It is now all too obvious to the Zambian people that, while HH may not go financially bankrupt any time soon, he has become bankrupt in terms of ideas and ideals. This is alienating him from decent senior members of his party.
During the hey days of UPND under the late Mazoka, the party used to publish rational alternative programmes to those of the ruling MMD. For instance, each time the minister of Finance announced his budget in Parliament, UPND would come up with a ‘shadow’ national budget to challenge that of the ruling party.
This is the essence of opposition politics. Opposition parties are supposed to operate like a government in waiting. In this, UPND under the late Mazoka distinguished itself as a serious opposition party in Zambia. But not any more.
This is a tragic loss to the nation as UPND was widely seen as a credible alternative to the MMD.
Under the current leadership of HH, all that UPND has done is to come up with a cocktail of insults, violence and expulsions.
The recent victims of this cocktail are Tiens Kahenya and Major Robbie Chizyuka! The party no longer has any rational alternative policies and shadow budgets. This should be a source of serious concern to UPND supporters everywhere.
HH is a vicious and greed young snake with an exaggerated sense of importance. He does not smile in public. His face is in perpetual annoyance.
This speaks volumes about the real character of this man. UPND insiders allege that their leader is intolerant to his colleagues’ opinions. He views any rival opinion as a threat to his fragile leadership of the party.
He only surrounds himself with politically spineless stooges who are only too ready to swallow his political vomit. Is it any surprise that, following the death of Anderson Mazoka, such UPND luminaries as Bob Sichinga, Patrick Chisanga and Sakwiba Sikota quit? This has deprived the party of credible national leaders.
To survive politically, HH, against the advice of some senior party officials, jumped into bed with the same man that he used to demonise as the very incarnation of the devil – Michael Sata.
But clearly HH is the junior partner in the PF-UPND Pact. Despite all the pretence to the contrary, Sata is the official Pact presidential candidate in 2011.
Greedy and intolerant as he is, there is no way that the Cobra can cede the leadership of the Pact to HH whose declining political fortunes he is fully aware of.
The PF and the UPND are two totally different political parties with different political backgrounds, philosophies and manifestoes, although both parties are ideologically bankrupt under their current leaders.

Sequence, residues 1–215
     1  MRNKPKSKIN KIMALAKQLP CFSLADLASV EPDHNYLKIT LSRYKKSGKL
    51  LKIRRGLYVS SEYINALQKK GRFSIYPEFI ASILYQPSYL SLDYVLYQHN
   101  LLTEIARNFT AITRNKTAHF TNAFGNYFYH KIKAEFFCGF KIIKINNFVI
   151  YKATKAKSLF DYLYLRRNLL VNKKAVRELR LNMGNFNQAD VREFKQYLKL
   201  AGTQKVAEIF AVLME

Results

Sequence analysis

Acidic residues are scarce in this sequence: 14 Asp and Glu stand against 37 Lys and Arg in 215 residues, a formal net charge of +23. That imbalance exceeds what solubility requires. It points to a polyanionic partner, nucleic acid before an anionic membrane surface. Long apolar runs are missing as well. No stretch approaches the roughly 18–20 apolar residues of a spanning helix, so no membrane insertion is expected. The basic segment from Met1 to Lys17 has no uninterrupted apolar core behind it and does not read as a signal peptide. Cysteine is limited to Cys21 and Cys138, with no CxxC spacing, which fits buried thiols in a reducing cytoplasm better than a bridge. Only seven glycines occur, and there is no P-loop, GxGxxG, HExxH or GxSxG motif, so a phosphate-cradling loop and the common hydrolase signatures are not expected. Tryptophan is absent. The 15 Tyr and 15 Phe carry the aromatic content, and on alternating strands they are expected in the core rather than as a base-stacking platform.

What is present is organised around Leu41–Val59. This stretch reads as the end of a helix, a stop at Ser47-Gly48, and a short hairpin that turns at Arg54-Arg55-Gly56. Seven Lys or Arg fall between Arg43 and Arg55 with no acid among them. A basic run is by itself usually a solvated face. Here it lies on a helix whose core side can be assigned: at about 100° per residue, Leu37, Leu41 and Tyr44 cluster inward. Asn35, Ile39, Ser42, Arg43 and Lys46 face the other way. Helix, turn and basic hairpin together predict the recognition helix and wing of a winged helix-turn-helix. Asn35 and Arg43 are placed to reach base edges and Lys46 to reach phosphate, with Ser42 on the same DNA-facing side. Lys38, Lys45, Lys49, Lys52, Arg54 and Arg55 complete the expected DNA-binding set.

The PF is a party that was born in violence and thrives on thuggery. UPND was formed as a social democratic party.
Following his alliance with Michael Sata, HH has been busy transforming UPND into a party of political violence and thuggery to fit in with the image and behaviour of his uncouth Pact partner.
HH himself has become so well versed in using insults and unpalatable language that he is now rivaling Michael sata for the title of ‘King Cobra’.
This has killed the spirit of free and quality debate in the party for which UPND had become famous under the leadership of the late Mazoka.
Apart from their fixation with removing the ruling MMD and President Rupiah Banda from power, the double-headed serpent leading the PF-UPND Pact has failed to tell the people of Zambia what they will do to reduce poverty, stimulate growth, create jobs, and achieve other goals.
The PF-UPND Pact has no unified manifesto. It is difficult to imagine how parties that lack any common programme can work together to promote development.
Micheal Sata is not known for any policy initiatives. His only known policy is to insult Chinese investors in Zambia. UPND under HH is following in Sata’s foot steps.
As the 2011 elections draw near, the people of Zambia, especially those in the Southern Province, should begin to question the real motive behind the PF-UPND Pact.
The support for UPND in the province is not based on the party’s policies but primordial loyalty.
It should, however, be stressed that even in Southern Province, support for UPND can no longer be taken for granted. In the 2011 elections, there is no guarantee that the peace-loving people of Southern Province will emulate the thuggery behaviour of the UPND leader to vote for the party.
As the graph below shows, both President Banda and Sata marginally increased their support in the province in the 2008 election, while UPND suffered a slight decline.
The decline in support for UPND in Southern Province is likely to continue in the 2011 elections given the poor performance of many UPND MPs and UPND-run councils in the region.
To conclude, UPND under HH is hurting and is clearly in need of new credible leadership.
Under the leadership of HH, the party has lost its vision and national appeal to the extent that it has been reduced to a tribal outfit, mostly restricted to the Southern Province.
(The author, Dr. Titus Dlamini Zulu is a policy analyst at the Centre for Policy Initiatives, Pretoria, South Africa)